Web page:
Up and Downward Communication (was Re: Return from Philmont)
(no name) ((no email))
Thu, 20 Jun 1996 09:38:13 -0500
Dave Hultberg wrote in response to Kathie Cerveny:
>I may be cynical, but IMHO the BSA corporate structure was designed to
>restrict communications. Since we volunteers are only supposed to talk
>to our local council and national only communicates via the local
>council, the local council controls its volunteers by controlling the
>flow of information to them.
That's not all together true, Dave. You CAN talk with the staff at the
National and Regional offices; if this wasn't so, the National Office's phone
numbers would not be public nor would National encourage writers to
phone or write the National office through it's publications.
What the National Office has been doing, and recently quite successfully,
is trying NOT to come between a unit's concern (legit or not) and the local
Council, and having to decide an issue dealing with ONLY one local Council.
This is getting increasingly hard to do because of the Internet in a great
part, and because of forums like this one in particular, whereby Scouters
can get the "straight and best answers possible" to their questions, which
some turn around and directly write or call National and ask "how come".
This places the National staff in an alful situation. Because they don't have
any kind of background from the local Council other than what the volunteer
or professional or parent tells. This forces the National or Regional staffer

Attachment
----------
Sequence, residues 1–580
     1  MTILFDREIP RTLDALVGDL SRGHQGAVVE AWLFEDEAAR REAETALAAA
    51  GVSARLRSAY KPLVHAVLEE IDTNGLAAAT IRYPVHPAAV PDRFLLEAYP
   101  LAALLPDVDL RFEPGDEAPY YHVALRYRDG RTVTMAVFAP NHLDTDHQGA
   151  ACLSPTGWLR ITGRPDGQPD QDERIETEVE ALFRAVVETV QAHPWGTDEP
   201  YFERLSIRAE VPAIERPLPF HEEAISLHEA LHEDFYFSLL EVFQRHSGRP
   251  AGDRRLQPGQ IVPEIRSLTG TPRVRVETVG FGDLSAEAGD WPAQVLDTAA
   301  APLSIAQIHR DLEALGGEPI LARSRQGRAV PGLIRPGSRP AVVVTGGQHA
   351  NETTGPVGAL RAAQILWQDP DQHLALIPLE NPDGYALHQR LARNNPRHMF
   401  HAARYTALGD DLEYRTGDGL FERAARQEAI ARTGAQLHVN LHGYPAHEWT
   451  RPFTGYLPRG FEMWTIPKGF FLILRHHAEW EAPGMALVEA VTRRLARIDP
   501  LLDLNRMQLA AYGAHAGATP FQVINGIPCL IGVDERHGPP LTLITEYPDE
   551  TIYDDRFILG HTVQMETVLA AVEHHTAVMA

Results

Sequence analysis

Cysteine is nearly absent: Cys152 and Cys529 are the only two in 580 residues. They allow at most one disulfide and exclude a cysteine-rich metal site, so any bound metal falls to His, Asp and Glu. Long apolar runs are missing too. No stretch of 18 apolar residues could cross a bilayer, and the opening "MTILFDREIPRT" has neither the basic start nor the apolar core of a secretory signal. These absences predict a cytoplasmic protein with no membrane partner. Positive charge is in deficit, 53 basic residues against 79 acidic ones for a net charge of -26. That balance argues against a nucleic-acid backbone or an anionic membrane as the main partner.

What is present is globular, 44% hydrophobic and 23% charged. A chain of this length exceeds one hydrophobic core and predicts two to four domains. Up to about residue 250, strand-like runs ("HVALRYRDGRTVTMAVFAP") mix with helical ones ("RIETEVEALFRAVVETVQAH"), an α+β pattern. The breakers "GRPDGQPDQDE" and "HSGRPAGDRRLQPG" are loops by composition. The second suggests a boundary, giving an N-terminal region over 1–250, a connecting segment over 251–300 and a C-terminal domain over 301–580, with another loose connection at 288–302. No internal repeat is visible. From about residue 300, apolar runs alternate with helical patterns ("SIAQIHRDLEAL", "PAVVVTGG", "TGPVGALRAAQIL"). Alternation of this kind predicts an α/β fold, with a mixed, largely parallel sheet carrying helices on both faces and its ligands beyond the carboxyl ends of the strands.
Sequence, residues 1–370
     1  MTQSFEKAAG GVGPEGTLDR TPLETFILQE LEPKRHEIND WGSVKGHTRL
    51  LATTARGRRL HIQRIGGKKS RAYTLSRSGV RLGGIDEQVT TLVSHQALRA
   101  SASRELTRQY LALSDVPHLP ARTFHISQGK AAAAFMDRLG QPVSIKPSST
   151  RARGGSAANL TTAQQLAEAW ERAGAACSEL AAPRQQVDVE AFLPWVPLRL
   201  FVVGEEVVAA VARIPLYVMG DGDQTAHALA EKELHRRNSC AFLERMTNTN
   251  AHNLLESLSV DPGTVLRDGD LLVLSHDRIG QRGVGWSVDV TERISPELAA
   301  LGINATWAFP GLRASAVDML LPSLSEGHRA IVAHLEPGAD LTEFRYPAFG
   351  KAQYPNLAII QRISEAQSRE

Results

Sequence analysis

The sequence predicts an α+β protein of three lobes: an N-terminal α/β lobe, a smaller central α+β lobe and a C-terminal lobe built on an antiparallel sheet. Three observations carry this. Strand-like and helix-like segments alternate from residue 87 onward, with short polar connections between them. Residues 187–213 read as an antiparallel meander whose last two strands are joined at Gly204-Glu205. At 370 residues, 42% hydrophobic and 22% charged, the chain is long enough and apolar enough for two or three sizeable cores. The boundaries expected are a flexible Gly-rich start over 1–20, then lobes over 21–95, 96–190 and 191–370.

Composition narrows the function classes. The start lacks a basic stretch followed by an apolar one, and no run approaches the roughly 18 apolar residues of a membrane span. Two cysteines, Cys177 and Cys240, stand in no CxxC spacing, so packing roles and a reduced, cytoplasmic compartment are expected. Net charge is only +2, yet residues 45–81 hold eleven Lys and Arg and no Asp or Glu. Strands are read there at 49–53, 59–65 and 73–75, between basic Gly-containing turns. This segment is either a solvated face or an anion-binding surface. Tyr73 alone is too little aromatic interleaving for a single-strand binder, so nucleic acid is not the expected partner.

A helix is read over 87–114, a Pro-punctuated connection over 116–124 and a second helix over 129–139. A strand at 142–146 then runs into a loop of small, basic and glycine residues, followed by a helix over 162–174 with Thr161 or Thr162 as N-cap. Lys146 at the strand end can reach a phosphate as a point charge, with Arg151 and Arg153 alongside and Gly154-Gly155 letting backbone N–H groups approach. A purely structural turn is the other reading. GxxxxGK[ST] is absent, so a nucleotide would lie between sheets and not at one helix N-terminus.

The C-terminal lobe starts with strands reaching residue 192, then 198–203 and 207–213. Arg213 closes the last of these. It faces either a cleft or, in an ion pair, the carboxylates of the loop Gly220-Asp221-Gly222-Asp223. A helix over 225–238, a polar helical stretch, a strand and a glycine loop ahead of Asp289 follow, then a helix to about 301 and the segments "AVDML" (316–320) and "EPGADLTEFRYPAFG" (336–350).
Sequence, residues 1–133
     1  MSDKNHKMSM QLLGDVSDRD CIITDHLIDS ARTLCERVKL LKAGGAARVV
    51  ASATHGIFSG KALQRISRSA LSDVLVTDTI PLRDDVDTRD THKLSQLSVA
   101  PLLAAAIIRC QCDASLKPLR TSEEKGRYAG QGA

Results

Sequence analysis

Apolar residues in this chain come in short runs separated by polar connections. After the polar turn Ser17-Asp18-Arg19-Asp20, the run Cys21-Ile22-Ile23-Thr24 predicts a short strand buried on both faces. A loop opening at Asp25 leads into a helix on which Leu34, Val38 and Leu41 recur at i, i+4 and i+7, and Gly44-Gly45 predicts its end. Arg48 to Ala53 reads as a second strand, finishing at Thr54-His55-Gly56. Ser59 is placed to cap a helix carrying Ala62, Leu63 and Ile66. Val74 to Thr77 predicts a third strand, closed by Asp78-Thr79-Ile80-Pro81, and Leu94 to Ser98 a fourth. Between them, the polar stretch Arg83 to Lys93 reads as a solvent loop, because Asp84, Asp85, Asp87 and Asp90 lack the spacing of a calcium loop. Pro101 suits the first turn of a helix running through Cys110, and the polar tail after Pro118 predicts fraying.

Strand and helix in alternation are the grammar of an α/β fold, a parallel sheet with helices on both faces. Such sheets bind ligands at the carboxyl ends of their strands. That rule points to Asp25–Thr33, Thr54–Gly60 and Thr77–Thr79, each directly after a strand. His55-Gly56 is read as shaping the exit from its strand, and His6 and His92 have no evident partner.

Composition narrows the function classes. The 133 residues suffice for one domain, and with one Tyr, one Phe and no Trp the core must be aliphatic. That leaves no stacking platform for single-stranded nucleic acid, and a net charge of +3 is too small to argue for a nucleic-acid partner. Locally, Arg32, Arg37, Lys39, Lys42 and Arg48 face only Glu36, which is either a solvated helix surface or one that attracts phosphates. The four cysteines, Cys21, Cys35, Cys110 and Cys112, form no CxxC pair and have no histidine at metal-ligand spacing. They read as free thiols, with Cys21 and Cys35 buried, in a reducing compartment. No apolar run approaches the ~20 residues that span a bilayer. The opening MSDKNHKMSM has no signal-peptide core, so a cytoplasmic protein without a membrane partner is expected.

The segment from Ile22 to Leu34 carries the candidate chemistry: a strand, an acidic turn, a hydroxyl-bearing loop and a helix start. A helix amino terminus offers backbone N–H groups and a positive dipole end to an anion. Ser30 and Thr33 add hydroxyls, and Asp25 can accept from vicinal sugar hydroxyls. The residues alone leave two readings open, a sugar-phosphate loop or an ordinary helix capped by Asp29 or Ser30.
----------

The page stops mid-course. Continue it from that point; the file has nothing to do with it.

to basically "place the conversation on hold" and not to comment about it
until they can find out from the affected Scout Executive and get "their
slant on the story". Unfortunately, when that happens, many Scout Executives
feel that they are being either picked upon or chatisted for "not keeping their
volunteers in line" and "why is this person coming to US instead of YOU?"
Then, in many cases, the Scout Executive "takes the discussion out on the"
affected volunteer and basically tells the National staffer that "he or she will
take care of it". What happens after that conversation is open for wide debate
(and which I still have a set of Nomex-lined overclothing handy for).
>Knowledge is power and this power resides
>with the local council. If national publishes information that is
>intended for all of us anyway, why can't it be diseminated via the
>internet at the same time it is sent out to local councils. Do they
>need to put their own spin on it before we see it? We don't have a need
>to know? What benefit is gained by restricting the flow of information?
Simple. It does as Kathie wrote, basically "eliminates the role of the local
Council". Each and every local Council has a responsibility, Dave, to take
the National rules and regulations and apply them to their own Council's
operation. In some cases, this means that many of the policy letters and
procedural changes are simply ignored by the local Council because they
either wants to implement the changes in another way, because they are part
of a National study involving that program or change to that program, or
simply because the Council Scout Executive chose to "file 13" (throw it
in the garbage can) the policy. Only when his Council or he personally
is questioned about the new policy or procedure does he or she scramble for
the National policy or uses the fax-back system to get another copy.
Yes, each and every local Council places their own "spin" on the policy and
decides when they will release the item to their volunteers. For instance,
many local Councils received the information about the costs of the National
Scout Jamboree back in January; however, they "sat on it" until Feburary or
March so that it won't affect the numbers that they had to report to National
of how many have signed up for the Jamboree. Then, after releasing it,
they placed their own spin on the fees by adding in their own fees for "carrying
What benefit is gained by such restriction? Well, we have a demonstration of
one benefit right now: In order to get any information, most volunteers must
go to their Council office and basically ask or beg for it (and pray that